Dancing the Dream
Dancing the Dream: The Seven Sacred Paths Of Human Transformation
by Jamie Sams
San Francisco, CA: Harper Collins, 1998
Reviewed by Rev. Monica McDowell
Feeling adrift and rudderless as former guidance systems (spiritual beliefs and practices) were failing me, I wondered how I was going to find my way through the new waters I was in. No one I spoke to could point me in the right direction, but as the saying goes, “When the student is ready, the teacher appears.” Dancing the Dream was such a teacher for me, crossing my path at the perfect time—of course!
In this book, Jamie Sams sets out to accomplish the seemingly impossible: “to draw the map of consciousness that applies to every person on every path” (xii). Having read Dancing the Dream several times, I still cannot say that I have the knowledge to assess whether or not she reached her goal. What I can say is that it is the most comprehensive and substantive spiritual resource I’ve studied in a long time, and I know it will continue to be an extremely important guide for me as I continue on my own journey.
Sams is a Native American medicine woman of Seneca and Cherokee descent and is well known as the coauthor of the best-selling Animal Medicine Cards. In Dancing the Dream, she offers a Western indigenous model of faith and interspirituality. Although Sams sees “all life experiences as initiations that lead us to becoming whole human beings” (13), she outlines seven major initiations that correspond to the seven directions of the Native medicine wheel. These stages of faith are neither linear nor hierarchical. Rather they spiral back again and again, ever widening into larger and more integral paradigms of perception and personal responsibility.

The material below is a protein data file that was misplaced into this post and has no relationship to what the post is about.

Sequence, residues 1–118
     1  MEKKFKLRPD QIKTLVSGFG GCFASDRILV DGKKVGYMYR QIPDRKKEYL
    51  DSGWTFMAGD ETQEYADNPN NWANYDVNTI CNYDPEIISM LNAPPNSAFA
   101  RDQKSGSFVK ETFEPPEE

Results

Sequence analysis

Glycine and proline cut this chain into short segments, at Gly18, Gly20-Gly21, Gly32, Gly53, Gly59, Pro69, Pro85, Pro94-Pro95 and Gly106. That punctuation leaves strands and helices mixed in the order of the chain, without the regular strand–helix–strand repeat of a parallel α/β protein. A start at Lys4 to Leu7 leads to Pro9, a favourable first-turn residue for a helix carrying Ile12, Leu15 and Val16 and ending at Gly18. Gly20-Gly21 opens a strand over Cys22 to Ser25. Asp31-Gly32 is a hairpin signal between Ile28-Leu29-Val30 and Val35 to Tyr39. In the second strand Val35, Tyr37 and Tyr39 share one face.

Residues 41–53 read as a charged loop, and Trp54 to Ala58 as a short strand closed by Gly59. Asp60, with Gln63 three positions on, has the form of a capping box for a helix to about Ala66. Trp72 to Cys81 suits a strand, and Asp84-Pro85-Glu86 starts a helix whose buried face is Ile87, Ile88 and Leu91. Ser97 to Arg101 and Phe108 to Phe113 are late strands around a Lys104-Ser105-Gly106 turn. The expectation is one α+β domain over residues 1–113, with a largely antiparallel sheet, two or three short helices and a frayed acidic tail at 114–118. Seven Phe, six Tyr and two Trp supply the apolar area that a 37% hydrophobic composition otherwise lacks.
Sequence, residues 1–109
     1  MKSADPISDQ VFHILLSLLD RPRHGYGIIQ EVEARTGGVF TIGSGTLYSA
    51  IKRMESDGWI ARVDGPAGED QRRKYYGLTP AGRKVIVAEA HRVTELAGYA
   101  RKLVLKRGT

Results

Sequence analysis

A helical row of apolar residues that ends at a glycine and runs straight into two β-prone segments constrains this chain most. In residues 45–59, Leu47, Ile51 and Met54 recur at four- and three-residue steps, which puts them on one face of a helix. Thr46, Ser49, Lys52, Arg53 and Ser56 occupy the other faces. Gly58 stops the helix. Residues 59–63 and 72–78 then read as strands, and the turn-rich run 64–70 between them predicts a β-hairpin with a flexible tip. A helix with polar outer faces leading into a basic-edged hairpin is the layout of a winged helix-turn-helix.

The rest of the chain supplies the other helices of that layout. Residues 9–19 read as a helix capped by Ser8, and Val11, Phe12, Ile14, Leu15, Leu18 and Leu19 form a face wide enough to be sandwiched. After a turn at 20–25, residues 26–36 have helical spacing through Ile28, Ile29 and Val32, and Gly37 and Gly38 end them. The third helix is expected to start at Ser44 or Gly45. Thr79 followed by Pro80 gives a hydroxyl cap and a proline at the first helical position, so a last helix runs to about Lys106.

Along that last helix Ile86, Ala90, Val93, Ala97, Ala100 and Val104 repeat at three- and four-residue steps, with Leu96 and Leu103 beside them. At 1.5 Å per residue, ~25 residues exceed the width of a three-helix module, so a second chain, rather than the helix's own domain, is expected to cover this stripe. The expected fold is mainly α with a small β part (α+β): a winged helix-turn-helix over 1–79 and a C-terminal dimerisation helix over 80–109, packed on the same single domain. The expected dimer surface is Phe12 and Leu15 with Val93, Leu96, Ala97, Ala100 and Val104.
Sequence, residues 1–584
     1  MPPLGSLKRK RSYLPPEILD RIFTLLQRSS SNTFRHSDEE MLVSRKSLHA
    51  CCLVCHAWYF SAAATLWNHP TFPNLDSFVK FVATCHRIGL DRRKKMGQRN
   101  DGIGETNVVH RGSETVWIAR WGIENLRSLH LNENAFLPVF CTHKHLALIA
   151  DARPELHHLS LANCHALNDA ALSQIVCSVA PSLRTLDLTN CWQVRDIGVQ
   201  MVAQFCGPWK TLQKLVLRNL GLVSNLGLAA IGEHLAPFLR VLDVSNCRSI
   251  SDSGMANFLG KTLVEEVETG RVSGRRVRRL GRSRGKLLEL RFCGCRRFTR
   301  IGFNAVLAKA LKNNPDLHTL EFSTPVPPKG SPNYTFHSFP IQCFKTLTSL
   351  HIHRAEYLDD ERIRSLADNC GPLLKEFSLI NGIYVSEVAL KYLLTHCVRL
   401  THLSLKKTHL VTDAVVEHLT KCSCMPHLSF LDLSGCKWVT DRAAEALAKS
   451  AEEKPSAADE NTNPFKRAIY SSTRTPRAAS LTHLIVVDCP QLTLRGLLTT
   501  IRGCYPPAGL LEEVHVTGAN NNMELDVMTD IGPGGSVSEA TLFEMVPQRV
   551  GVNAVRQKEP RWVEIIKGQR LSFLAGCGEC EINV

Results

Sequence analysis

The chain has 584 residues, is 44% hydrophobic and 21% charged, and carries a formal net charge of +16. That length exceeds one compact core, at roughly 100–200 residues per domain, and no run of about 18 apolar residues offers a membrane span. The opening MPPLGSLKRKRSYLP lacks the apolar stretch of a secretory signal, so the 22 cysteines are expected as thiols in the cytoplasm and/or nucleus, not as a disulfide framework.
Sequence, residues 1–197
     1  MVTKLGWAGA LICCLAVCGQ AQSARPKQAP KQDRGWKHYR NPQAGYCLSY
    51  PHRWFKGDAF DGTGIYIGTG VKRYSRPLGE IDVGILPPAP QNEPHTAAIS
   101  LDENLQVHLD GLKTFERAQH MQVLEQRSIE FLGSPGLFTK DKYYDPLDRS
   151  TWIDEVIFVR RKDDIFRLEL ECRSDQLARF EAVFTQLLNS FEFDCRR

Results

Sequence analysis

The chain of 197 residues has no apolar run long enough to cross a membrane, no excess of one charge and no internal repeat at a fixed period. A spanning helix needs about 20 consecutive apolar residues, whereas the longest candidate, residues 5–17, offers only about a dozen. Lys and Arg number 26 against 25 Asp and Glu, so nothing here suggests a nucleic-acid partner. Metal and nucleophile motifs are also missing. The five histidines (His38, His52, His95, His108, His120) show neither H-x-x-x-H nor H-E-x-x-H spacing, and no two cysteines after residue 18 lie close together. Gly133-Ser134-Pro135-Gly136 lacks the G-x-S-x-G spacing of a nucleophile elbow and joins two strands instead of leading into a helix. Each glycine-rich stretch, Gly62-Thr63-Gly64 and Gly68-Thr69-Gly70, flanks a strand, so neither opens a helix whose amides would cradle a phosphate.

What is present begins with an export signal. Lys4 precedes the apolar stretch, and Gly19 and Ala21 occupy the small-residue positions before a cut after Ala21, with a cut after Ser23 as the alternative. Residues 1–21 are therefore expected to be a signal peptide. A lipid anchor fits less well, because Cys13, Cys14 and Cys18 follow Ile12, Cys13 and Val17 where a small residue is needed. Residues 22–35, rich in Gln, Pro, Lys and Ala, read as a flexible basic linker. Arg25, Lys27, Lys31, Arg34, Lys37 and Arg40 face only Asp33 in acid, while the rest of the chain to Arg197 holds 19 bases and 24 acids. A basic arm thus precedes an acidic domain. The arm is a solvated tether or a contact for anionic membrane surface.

After a few foundational chapters of introduction that include excellent teaching about different types of dark nights of the soul, each following chapter explains one of the seven initiations. Two of her underlying beliefs are significant to note: (1) all paths and levels and people are of equal value to the unfolding divine plan in the universe, and (2) we are led into new spiritual lessons on the basis of our impeccability in holding to past learned lessons and our personal creeds. Advancing integrity thus means more challenging—and joyful—lessons to come.
Not for the faint of heart, this book is advanced material for spiritual directors and spiritual directees alike. A discerning spiritual director could certainly use portions of the book for less experienced spiritual directees, as there is an abundance of valuable material for beginners to intermediates in the first half of the book. It is also decidedly interspiritual, meaning that those who hold fast to one particular religious tradition might have difficulty with Sams’ expansive, all-inclusive worldview.
I highly recommend this book for everyone who seeks a clear, balanced framework that encapsulates the spiritual journey from first acknowledgement of the soul to later awareness of universal consciousness. As our world undergoes radical global shifts at all levels of our human experience, many people are searching for direction that can help navigate new waters. Sams has provided a remarkable contribution to this need in Dancing the Dream. Although published more than ten years ago, this seminal work is more relevant and essential today than ever before.
Rev. Monica McDowell, MDiv, is an ordained minister in Seattle, Washington, USA, energy healer, spiritual director, writer, and speaker. The author of My Karma Ran Over My Dogma: Lessons Learned by a Whistle-Blowing Minister Turned Mystic, she was the first ordained minister in the United States to be granted civil rights in a federal ruling.